Strengths and Weaknesses are Two Sides of the Same Coin

Strengths and Weaknesses: Two Sides of the Same Coin

We often think about strengths and weaknesses in a vacuum, as if they were completely unrelated to each other. We think about building up strengths and eliminating weaknesses.  That’s a bit disingenuous and logically impossible because you end up stuck in the middle, with no real strengths or weaknesses. You end up averaging out strengths and weaknesses, resulting in an unidentifiable and uninteresting mediocre mix of traits. 
Instead, we should be thinking about both the strengths and weaknesses tied to a given trait or characteristic.  Every strength has a corresponding weakness, inherent to the underpinnings of that strength. 

Company size as both a strength and weakness
If you’re a large company, like Google, you can throw dozens of engineers and other resources to try to a problem. That’s a lot of momentum moving in one direction, but that also means it’s harder to get going, harder to change directions, and harder to react to uncertainties or changing environments. On the flip side, if you’re a small company, you may not have a lot of resources, but you can be nimble, make faster decisions, and out-maneuver larger competitors.  
Personal strengths and weaknesses
Personal traits also inherently have strengths and weaknesses. Most of the time, we get feedback throughout our lives about the weaknesses or limitations, and end up focusing on reducing or eliminating those. We don’t realize that we’re also weakening the complementary strength. We end up settling for the lowest common denominator.

I compete in everything I do, big and small, creating competitions out of non-competitive things, keeping score in every game where score is kept. That competitive outlook has helped me in almost everything I’ve done, from succeeding in sports my whole life, to my academic career, to the current startup world I’m in.  But it does have a complementary weakness. Über-competitiveness can be off-putting in certain social situations. But the reality is that it’s not something I can just turn it on and off.  I’m willing to manage and deal with the social awkwardness that may come with being über-competitive.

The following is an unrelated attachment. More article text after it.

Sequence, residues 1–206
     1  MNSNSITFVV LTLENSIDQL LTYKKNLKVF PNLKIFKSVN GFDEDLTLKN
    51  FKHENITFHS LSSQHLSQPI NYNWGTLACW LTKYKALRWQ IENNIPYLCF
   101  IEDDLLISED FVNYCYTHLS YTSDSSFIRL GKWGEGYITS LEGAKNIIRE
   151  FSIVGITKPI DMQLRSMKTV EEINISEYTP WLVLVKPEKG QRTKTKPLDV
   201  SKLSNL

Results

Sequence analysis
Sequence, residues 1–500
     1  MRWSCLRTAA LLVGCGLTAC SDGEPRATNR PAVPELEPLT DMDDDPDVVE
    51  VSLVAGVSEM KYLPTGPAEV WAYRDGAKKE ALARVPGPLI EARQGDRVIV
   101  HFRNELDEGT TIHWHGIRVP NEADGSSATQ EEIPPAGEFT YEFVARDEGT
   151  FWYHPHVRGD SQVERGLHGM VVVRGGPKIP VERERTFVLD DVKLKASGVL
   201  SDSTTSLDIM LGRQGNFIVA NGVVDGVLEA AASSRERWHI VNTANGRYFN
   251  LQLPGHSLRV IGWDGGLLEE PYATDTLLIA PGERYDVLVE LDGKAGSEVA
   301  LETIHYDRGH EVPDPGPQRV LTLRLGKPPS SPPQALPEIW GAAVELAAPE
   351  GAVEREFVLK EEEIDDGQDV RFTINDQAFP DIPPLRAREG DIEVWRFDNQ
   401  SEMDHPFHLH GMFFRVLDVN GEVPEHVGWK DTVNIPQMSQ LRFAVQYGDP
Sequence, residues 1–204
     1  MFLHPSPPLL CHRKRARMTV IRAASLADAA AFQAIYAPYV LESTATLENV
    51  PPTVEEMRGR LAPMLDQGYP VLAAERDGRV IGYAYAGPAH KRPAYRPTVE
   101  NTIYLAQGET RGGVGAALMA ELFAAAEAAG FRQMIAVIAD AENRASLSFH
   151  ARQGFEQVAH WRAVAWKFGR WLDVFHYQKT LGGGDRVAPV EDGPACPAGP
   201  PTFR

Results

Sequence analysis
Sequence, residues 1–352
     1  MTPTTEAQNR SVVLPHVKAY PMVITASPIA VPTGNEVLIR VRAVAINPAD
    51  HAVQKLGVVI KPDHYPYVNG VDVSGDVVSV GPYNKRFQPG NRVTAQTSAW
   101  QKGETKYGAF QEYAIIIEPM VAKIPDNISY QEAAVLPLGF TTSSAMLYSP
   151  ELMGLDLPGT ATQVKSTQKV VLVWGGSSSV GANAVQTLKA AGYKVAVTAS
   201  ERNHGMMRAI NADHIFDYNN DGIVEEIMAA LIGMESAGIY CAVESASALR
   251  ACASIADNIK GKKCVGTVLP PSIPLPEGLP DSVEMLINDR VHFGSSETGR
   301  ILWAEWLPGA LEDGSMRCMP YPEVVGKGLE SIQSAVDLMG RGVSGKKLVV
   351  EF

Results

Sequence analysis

The power of confidence can create a positive feedback loop of increasing confidence, increasing ambition, and increasing achievement.  But there are also inherent weaknesses of confidence.  The classic is hubris, a self-defeating pride that can lead people to forget their limitations and pursue unattainable and ultimately fatal goals. Another more benign one is that extreme confidence can also occasionally seem arrogant and egotistical, especially in a crowd of non-confident people. 

I don’t give up very easily, will fight to achieve long term goals, and will work hard and summon other strengths (like confidence and competitiveness) to get things done. Like the two traits above, perseverance is so entrenched in my world outlook, that I don’t doubt it will get me through the darkest and most challenging times. But it also comes with a cost, the complement of perseverance is stubbornness. Even the word stubbornness has both positive and negative connotations. It’s important to be aware of both, and to understand the balance, but to realize they go hand in hand.
Managing strengths and weaknesses
Given that strengths and weaknesses are different ways of looking at a particular characteristic, the next step is to think about how to manage or deal with weaknesses.  The goal is not to eliminate or mitigate weaknesses, because that would inherently eliminate or mitigate the corresponding strength. 
Understanding the tradeoffs of each trait is a sign of maturity. Being able to acknowledge weaknesses that are the flip side of a strength is important. Next time you’re thinking about a weakness, think about it’s corresponding strength – somewhere in that weakness is an inherent strength.  Then think about whether it’s worth tempering that strength in order to temper the weakness.  Or even better, how to be aware of both and use it to your advantage. 
This is also highly relevant when building a team for a startup or other endeavor. Don’t worry about mitigating weaknesses, instead focus on finding a team whose strengths work well together, and whose inherent weaknesses balance each other out.